Confidence among consumers in the UK fell to its lowest level immediately after the Brexit vote last summer, a new survey has revealed.
GfK's consumer confidence index fell to -12 in July from -10 in June, matching the score recorded in the same month a year ago.
Four of the five constituent measures of the index declined during the month, with consumers becoming increasingly pessimistic over the UK's general economic situation.
Joe Staton, head of market dynamics at GfK, said the economic picture across the country was "confusing" amid uncertainty over Brexit negotiations, and predicted consumer confidence to retreat further in the coming months.
"All bets must now be on a further drift downwards in confidence," he said. "Yes, employment is booming, but wages have fallen in real terms since 2008 once inflation is taken into account.
"And while consumers have increased borrowing to carry on spending, the household savings ratio is now at a record low.
"If Brexit negotiations continue to deliver more questions than answers, it's unlikely the overall index score will find any tailwinds for some time," Staton added.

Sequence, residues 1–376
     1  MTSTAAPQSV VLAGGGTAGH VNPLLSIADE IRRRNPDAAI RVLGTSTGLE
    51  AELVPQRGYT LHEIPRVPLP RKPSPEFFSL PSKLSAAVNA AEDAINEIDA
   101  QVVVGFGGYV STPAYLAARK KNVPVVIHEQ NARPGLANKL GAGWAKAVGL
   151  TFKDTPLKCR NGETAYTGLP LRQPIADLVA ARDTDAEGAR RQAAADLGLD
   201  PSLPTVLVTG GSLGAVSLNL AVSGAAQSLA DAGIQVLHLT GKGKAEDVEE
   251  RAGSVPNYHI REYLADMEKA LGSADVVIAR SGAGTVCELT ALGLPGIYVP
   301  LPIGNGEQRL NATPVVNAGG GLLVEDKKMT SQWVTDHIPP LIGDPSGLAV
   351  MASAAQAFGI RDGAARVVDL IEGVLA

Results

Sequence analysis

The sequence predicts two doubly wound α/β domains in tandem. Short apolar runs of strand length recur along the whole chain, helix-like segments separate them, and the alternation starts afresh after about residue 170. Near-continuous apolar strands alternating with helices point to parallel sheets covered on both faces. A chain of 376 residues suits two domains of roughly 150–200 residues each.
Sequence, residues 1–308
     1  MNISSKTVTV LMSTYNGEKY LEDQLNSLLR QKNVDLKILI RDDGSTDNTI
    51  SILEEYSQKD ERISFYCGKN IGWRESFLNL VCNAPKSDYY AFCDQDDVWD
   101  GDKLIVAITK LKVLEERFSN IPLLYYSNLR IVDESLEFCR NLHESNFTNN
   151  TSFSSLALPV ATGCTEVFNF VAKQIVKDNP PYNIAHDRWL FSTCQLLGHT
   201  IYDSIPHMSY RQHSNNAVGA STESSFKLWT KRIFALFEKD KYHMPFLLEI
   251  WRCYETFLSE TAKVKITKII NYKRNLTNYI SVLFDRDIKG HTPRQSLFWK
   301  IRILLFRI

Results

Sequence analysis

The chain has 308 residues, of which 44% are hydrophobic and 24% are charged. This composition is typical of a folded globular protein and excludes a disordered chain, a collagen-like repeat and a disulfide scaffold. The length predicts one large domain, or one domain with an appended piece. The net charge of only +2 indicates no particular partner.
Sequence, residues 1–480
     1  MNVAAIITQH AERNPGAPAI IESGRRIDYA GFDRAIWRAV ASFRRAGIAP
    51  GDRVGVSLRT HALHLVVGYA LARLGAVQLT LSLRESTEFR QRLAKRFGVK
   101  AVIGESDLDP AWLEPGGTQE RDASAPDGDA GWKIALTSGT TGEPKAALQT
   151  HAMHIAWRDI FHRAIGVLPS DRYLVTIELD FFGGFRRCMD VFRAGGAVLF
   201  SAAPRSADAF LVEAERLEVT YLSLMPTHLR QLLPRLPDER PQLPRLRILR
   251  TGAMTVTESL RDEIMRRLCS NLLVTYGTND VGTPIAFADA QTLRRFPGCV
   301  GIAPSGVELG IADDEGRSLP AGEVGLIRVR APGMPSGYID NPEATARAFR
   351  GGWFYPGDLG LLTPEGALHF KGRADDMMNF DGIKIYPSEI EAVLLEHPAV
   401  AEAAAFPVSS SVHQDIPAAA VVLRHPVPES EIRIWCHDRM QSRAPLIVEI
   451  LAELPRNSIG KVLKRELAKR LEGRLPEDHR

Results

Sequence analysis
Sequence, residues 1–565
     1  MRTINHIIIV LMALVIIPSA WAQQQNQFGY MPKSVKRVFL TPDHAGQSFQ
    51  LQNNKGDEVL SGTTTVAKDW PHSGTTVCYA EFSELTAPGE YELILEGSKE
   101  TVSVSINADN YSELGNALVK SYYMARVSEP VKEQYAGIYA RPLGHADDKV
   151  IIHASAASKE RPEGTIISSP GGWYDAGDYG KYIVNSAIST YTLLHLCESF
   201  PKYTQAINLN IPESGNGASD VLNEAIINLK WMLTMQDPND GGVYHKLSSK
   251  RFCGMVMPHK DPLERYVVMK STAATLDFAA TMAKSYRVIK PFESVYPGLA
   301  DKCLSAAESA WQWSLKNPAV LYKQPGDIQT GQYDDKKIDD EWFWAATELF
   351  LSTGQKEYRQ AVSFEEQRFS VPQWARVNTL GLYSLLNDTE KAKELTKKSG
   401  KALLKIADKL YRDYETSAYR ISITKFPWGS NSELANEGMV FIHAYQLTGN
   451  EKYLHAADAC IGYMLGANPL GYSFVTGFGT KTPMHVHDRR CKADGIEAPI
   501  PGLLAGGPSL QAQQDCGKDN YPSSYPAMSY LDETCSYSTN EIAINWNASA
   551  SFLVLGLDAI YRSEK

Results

Consumers' expectations of the general economic situation over the next 12 months fell five points to -28 in July, while their assessment of the economy over the past year decreased six points to -31.
The major purchase index, which gauges consumers' plans to make major purchases such as a car, fell by two points to -1.
The savings index was the only constituent measure to see an increase during the month, rising by one point to +5.
The UK economy expanded 0.3% in the three months to June, following 0.2% growth in the previous quarter.
The Office for National Statistics said that growth was driven by the service sector during the second quarter, while performance in the construction and manufacturing sectors worsened.
Earlier this week, the International Monetary Fund downgraded its forecast for UK economic growth this year to 1.7% from 2%.